The main beneficiary of this irresponsibility in the US, and the consequent lack of leadership and unity in the West, is China. China continues to expand its physical presence in the South China Sea and the Western Pacific, seeking to push back the US; and to use its wealth, including via the One Belt, One Road initiative, to extend its influence right across the Eurasian landmass and beyond to Africa, South America and Australasia. At least in one area, technology, Western countries are waking up to the threat. Beyond that the West has little answer as China poses as the champion of free trade, and projects authoritarian state-led capitalism as an alternative to liberal free-market capitalism.
As if to lend credence to the Chinese message, 2018 saw the triumph of another authoritarian leader in a democratic election – that of Jair Bolsonaro, the President-elect of Brazil. He joins a growing club of authoritarian leaders who have little regard for the rule of law, and therefore pose a threat to their country’s democratic institutions.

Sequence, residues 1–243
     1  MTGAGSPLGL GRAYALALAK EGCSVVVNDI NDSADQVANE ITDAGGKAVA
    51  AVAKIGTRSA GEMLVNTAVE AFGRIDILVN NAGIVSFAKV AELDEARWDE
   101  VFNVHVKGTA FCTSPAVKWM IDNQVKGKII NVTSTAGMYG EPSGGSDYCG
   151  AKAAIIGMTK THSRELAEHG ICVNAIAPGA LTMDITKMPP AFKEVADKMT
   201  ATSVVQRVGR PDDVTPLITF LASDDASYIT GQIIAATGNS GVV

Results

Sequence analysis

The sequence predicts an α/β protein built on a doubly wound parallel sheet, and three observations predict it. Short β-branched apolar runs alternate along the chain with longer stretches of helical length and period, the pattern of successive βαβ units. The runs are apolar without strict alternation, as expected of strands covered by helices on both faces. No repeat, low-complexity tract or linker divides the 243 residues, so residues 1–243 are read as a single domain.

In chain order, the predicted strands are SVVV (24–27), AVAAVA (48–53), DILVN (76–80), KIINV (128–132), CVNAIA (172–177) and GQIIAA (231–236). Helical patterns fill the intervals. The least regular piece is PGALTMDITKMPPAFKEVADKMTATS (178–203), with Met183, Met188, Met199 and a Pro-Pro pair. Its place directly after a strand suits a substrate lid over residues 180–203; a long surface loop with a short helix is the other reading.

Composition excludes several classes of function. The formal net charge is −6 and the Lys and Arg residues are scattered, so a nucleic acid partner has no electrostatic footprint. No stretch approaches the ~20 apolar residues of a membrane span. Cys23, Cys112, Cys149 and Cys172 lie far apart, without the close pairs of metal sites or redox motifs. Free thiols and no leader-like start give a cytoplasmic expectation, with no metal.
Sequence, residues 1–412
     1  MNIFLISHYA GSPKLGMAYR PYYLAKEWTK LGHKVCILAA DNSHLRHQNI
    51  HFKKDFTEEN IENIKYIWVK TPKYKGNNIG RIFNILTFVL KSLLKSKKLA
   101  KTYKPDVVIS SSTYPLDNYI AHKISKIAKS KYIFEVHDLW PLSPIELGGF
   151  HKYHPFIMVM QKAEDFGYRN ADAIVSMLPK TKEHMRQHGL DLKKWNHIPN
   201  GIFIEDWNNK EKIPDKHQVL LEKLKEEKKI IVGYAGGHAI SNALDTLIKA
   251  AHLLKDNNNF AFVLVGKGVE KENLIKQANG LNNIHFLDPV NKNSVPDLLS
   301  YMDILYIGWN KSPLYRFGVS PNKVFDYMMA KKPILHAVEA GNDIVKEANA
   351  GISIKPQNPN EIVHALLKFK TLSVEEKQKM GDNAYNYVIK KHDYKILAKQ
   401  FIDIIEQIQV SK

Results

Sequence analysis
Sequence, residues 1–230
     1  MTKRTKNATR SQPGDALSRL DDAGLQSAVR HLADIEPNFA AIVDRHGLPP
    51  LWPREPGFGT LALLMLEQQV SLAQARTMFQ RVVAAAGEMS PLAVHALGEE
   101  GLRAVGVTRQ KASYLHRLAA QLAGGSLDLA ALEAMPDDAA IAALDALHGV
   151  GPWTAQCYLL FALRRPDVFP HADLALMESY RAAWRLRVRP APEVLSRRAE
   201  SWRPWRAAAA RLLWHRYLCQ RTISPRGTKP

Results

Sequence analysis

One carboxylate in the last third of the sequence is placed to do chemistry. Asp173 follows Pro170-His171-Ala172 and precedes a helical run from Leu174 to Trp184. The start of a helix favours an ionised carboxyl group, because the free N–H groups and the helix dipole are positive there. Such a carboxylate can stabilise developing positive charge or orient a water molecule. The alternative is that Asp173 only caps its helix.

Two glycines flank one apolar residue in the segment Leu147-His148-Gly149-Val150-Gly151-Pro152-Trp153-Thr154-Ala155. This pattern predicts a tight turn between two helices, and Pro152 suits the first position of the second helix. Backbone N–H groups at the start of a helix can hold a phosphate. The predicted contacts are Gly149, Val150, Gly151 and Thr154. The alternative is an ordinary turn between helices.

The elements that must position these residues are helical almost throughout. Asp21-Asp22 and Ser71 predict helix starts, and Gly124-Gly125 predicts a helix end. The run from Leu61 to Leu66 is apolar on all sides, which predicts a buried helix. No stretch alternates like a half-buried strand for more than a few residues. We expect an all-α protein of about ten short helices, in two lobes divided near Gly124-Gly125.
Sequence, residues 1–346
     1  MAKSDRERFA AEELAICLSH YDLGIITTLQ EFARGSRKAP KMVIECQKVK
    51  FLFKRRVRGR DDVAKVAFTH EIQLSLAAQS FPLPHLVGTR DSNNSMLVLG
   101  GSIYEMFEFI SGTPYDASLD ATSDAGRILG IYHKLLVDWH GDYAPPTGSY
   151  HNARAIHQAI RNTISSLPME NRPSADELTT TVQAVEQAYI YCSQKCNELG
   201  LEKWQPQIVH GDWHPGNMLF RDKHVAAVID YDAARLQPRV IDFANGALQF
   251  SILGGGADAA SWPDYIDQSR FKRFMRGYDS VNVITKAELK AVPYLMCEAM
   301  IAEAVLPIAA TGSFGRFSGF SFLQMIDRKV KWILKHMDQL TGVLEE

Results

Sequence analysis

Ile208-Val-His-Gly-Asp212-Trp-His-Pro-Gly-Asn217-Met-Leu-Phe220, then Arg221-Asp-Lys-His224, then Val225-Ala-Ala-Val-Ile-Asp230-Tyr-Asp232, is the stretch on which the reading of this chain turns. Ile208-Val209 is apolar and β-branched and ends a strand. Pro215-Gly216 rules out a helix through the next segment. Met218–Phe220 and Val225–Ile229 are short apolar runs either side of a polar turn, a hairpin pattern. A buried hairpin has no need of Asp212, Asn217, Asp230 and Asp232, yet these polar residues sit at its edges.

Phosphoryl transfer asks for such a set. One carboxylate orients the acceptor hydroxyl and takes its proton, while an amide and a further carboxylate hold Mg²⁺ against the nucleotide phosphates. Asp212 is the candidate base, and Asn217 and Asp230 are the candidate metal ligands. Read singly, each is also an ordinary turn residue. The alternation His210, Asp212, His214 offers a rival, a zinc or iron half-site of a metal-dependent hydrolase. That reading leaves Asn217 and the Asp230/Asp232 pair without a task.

Lying behind all this geo-politics are, as usual, some hard economics. 2018 is the tenth anniversary of the Global Financial Crisis. Banks may be more secure now, but debt is still rampant, and another downturn is anticipated. As important, the social effects of globalisation, which the GFC exacerbated, have not been addressed. Hence Trump and Brexit in 2016, the continuing rise of nationalist parties in Europe, and now the riots in France. The risks of social and political disruption will not decline until these deep issues are addressed, in all our countries.
Against that cheery background, we may all feel happy that we can indulge ourselves in family, friends and festive activity over the next couple of weeks. We wish you all a very Merry Christmas, and a New Year full of promise and, we hope, success – whatever 2019 brings.